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OECD declaration on the digital economy Blair Stewart
30 June 2016

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At the conclusion of a high level OECD Conference in Cancun, Mexico, last week, 41 countries adopted a Declaration on the Digital Economy: Innovation, Growth and Social Prosperity. This included 33 of the 34 OECD member countries, plus eight other countries.

The Minister of Communications, Amy Adams, signed on New Zealand's behalf. Australia has postponed signing as its government is in 'caretaker mode' during a federal election campaign but whichever government is elected would be expected to adopt the declaration shortly thereafter.

The signatory countries vowed in the declaration to:

  • increase access to broadband Internet and services to bridge digital divides.
  • reduce barriers to investment in and adoption of digital technology in all sectors.
  • work to develop global technical standards that enable interoperability and a secure, stable, open and accessible Internet.
  • develop privacy and data protection strategies at the highest level of government, while also encouraging the availability and use of data, including public sector data.
  • adopt technologically neutral frameworks that promote competition.
  • use open, transparent and inclusive processes to shape global Internet governance.
  • reduce impediments to e-commerce within and across borders with policies that strengthen consumer trust and product safety.
  • improve education and lifelong training to respond to the demand for general and specialist digital skills.

The Cancun meeting builds upon earlier ministerial meetings held in Ottawa in 1998 and Seoul in 2008.

The 1998 electronic commerce meeting resulted in a global action plan for the development of e-commerce that targeted important policy areas such as privacy and consumer protection. The 2008 meeting in the internet economy recognised the essential nature and function of the internet as a platform for growth and the need for governments to work with all stakeholders to guide its development.

The declaration records that the world economy is becoming ever more digital. This was reflected in many presentations at Cancun - not merely in commerce but throughout education, government, employment. Indeed there may be no spheres of human activity entirely exempt from the pervasive and transformational influence of all things digital.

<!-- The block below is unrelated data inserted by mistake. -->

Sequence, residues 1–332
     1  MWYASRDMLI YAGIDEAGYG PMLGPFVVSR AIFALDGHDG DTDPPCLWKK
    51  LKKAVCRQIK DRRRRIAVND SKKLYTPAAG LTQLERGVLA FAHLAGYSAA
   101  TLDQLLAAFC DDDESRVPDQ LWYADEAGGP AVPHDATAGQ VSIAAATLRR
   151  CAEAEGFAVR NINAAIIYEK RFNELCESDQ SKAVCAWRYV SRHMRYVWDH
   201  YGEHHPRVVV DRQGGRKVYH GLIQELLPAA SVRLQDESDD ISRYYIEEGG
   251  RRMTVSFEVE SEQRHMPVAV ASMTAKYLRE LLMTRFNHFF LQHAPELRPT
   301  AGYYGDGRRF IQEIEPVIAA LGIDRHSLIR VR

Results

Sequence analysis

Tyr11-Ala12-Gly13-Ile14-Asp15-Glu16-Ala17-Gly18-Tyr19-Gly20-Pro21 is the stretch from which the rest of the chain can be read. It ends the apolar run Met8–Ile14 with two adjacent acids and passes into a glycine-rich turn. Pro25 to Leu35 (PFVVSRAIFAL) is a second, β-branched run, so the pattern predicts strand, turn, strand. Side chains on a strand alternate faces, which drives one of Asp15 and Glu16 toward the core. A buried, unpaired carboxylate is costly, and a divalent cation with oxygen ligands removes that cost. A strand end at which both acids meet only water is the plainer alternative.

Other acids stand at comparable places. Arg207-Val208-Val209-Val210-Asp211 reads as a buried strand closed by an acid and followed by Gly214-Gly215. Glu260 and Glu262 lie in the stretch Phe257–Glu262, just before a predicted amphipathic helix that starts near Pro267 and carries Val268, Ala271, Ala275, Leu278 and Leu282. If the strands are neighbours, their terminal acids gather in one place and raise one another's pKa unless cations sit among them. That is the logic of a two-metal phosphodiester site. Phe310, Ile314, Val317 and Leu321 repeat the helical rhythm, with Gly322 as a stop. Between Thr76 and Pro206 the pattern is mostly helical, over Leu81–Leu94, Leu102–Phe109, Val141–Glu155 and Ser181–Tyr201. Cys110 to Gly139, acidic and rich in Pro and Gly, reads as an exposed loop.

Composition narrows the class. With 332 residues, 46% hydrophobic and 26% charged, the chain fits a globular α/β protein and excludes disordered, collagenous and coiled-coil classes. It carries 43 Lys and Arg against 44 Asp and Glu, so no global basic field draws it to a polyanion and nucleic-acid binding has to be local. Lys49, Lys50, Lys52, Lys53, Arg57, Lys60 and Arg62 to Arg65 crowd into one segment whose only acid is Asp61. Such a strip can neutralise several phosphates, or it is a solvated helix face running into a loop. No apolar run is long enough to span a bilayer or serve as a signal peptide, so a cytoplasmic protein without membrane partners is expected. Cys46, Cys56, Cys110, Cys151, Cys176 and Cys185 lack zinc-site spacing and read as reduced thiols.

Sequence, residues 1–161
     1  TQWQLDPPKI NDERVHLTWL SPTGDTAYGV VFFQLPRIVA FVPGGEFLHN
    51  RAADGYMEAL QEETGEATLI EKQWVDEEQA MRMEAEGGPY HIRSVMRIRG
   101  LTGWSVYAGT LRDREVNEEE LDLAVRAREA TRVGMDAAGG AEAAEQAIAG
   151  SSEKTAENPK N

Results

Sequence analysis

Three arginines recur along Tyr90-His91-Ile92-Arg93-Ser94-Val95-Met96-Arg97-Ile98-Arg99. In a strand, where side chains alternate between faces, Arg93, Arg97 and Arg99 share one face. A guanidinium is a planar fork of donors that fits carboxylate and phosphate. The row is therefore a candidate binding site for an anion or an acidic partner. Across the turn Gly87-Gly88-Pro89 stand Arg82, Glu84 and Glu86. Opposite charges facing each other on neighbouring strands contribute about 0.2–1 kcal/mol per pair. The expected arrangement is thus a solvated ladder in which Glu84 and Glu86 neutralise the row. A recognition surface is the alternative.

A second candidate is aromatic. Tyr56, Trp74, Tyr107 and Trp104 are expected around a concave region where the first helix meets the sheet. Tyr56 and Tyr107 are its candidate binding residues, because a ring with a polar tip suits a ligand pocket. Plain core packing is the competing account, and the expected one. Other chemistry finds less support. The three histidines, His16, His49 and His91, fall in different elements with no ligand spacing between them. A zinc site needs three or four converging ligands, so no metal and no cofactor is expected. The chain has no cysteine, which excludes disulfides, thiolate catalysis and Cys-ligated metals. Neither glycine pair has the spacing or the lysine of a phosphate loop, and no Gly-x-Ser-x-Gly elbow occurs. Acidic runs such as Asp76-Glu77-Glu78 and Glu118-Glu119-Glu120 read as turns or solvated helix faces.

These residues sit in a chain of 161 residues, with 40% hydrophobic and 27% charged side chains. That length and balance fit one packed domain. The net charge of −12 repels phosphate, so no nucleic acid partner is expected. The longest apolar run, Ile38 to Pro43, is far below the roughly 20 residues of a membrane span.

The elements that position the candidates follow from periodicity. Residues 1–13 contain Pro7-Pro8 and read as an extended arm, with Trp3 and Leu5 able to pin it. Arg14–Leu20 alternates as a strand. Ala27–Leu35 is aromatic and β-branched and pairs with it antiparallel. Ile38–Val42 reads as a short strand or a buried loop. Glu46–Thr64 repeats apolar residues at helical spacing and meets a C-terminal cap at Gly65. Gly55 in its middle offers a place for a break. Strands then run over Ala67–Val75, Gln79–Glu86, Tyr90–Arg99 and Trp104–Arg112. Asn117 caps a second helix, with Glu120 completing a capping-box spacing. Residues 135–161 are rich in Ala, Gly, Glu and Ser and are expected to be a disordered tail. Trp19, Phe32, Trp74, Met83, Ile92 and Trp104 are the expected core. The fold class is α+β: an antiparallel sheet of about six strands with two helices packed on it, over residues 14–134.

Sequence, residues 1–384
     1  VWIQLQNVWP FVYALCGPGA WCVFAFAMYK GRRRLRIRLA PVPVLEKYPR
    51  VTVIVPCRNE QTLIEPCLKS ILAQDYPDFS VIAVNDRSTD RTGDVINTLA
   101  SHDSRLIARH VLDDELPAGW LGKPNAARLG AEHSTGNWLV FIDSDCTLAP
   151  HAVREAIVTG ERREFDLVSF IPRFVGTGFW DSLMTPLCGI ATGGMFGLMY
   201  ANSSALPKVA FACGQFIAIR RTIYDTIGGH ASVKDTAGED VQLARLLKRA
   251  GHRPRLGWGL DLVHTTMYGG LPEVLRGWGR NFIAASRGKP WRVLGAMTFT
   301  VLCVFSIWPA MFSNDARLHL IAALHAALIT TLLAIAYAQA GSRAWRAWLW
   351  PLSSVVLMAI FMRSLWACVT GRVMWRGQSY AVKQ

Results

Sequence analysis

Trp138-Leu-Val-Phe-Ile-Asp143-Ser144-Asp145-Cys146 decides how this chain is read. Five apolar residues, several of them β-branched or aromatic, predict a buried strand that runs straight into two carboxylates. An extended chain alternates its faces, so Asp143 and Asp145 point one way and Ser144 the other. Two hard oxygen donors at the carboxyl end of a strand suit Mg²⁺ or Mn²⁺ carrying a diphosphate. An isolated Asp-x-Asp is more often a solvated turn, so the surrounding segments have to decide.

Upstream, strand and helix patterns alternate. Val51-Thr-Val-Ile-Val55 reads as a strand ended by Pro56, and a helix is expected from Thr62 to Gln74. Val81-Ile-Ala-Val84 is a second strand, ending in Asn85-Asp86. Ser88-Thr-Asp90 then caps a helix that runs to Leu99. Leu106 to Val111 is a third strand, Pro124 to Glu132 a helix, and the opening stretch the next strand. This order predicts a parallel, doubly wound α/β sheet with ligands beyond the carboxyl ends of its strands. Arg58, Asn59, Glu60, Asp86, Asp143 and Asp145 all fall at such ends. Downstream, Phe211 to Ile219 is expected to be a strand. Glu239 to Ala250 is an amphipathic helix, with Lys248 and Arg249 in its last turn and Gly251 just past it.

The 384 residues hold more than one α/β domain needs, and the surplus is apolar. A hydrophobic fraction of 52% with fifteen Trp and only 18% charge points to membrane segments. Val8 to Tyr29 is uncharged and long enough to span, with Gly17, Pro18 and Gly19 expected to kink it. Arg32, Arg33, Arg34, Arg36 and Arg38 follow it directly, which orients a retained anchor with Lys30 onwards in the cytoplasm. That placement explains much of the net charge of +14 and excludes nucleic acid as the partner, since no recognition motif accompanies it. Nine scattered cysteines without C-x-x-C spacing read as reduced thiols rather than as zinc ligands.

The declaration acknowledges that in addition to its positive features, the digital economy creates a series of evolving challenges. The declaration presents a number of strategies for seeking to accentuate and harness the positive aspects and address the challenges. Leaving aside the precise agreed actions, there are certain recurring themes in the approaches that are suggested including the need to:

  • respect the rule of law and human rights - this is not the time to abandon core values;
  • empower individuals - for example through education, rights, protection of the vulnerable, retraining and support where job types disappear;
  • aim for participation of all countries and collective action - difficult for countries to tackle problems alone;
  • use holistic and multi-stakeholder and consensus-driven approaches - useful both at international and domestic level;
  • adopt an evidence-based and risk management approach to policy making - and acknowledging a gap in key metrics for the digital economy.    

A key recurring theme in the discussions at Cancun was the need to create conditions to support trust in the digital economy, particularly consumer trust. New Zealand’s Privacy Commissioner, John Edwards, emphasised this point in his remarks to the ministerial meeting.

The declaration will inform the OECD's work programme over the coming years. For instance, in areas of particular interest for privacy, we might expect to see the OECD:

  • develop new metrics for the digital economy, such as on trust, skills and global data flows.
  • encourage development of privacy and data protection strategies and privacy risk management at the highest level of government that incorporate a whole-of-society perspective.
  • support the development of international arrangements that promote effective privacy and data protection across jurisdictions, including through interoperability among frameworks.

It is also expected that the OECD will undertake further substantial "horizontal" work on digitisation - that is, cross-cutting work across its various committees and diverse areas of activity.

The OECD declaration is intended to be a guide to member governments at domestic level and not merely for work to be undertaken at the international level. Accordingly, anyone interested in these issues should keep an eye out for action aligned with the declaration by signatory governments - including the New Zealand Government.




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